JS Loader

Babel is a JavaScript compiler with many plugins for code transformation. In this section, we will introduce it as a loader into our Webpack configuration and configure it for transforming modern JavaScript code into such that is understood by common browsers.

First, we will need to install babel-loader and @babel/core:

npm install -D @babel/core babel-loader

Then we’ll add a module section to our Webpack config, making babel-loader responsible for loading JavaScript files:

@@ -10,6 +10,22 @@ module.exports = function(_env, argv) {
       path: path.resolve(__dirname, "dist"),
       filename: "assets/js/[name].[contenthash:8].js",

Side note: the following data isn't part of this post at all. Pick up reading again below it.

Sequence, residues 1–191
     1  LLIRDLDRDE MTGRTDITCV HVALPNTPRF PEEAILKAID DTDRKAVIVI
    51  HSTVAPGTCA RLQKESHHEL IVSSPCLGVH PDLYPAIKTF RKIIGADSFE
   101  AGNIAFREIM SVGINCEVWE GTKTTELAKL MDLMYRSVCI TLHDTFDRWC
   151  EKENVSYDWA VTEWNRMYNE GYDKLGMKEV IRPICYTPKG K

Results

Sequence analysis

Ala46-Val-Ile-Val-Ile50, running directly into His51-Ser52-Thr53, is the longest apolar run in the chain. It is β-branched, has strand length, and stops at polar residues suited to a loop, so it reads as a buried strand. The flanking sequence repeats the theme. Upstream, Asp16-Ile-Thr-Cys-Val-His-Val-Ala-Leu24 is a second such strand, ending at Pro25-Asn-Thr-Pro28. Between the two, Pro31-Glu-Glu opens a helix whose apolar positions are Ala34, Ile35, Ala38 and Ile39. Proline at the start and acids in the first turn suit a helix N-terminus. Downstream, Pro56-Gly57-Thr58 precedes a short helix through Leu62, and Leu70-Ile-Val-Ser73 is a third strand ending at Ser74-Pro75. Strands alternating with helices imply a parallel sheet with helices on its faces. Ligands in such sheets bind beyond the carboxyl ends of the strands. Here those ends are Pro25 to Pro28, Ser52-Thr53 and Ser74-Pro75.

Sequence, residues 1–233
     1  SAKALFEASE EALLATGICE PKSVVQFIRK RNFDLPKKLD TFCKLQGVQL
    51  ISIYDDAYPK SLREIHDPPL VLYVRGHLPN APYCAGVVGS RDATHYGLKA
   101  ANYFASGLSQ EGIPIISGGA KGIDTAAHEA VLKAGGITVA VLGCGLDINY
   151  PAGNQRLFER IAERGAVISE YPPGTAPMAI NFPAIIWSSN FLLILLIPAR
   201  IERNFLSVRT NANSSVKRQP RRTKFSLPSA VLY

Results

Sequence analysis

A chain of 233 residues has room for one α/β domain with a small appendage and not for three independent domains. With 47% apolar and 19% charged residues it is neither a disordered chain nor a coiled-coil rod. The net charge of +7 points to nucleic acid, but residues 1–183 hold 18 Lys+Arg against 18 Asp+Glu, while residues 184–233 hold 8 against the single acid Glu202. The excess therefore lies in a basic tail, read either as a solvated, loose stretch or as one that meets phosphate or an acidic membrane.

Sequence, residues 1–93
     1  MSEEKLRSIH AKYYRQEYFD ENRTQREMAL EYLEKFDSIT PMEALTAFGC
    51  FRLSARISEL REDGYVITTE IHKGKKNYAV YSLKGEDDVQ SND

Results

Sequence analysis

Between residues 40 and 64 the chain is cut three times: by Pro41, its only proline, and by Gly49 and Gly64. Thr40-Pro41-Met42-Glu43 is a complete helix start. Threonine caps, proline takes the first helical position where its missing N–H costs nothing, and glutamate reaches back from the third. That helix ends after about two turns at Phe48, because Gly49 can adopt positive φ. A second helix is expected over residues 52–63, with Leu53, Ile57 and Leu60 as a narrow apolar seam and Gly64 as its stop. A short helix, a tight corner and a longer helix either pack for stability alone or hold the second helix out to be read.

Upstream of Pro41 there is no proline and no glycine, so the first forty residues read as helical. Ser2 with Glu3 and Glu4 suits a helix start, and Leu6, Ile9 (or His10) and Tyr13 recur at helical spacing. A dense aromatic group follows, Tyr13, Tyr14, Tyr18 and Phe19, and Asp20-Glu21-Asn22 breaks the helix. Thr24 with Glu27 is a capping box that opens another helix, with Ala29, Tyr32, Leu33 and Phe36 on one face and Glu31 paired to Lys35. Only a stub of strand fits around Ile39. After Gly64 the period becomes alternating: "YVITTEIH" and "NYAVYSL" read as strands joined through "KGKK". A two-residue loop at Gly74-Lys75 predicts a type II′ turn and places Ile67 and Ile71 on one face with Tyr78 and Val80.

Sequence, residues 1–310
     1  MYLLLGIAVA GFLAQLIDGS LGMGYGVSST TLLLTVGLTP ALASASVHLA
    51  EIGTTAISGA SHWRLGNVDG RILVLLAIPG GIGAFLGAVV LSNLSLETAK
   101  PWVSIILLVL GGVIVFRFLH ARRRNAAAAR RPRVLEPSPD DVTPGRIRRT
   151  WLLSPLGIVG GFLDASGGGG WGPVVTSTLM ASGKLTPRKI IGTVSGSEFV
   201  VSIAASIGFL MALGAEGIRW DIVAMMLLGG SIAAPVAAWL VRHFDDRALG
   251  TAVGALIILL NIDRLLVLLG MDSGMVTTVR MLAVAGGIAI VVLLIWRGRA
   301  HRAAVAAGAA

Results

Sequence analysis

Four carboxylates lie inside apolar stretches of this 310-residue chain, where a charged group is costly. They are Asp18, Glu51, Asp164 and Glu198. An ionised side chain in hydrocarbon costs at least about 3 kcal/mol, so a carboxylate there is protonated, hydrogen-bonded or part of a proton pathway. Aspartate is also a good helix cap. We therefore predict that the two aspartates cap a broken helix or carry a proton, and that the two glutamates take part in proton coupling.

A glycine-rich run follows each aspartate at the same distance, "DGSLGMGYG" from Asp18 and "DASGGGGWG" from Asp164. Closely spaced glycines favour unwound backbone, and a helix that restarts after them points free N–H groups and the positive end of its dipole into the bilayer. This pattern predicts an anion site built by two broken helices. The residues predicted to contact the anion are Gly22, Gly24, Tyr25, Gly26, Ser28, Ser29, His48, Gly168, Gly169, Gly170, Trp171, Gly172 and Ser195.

publicPath: "/"
+    },
+    module: {
+      rules: [
+        {
+          test: /\.jsx?$/,
+          exclude: /node_modules/,
+          use: {
+            loader: "babel-loader",
+            options: {
+              cacheDirectory: true,
+              cacheCompression: false,
+              envName: isProduction ? "production" : "development"
+            }
+          }
+        }
+      ]
     }
   };
 };

We are going to configure Babel using a separate configuration file, babel.config.js. It will use the following features:

  • @babel/preset-env: Transforms modern JavaScript features into backwards-compatible code.
  • @babel/preset-react: Transforms JSX syntax into plain-vanilla JavaScript function calls.
  • @babel/plugin-transform-runtime: Reduces code duplication by extracting Babel helpers into shared modules.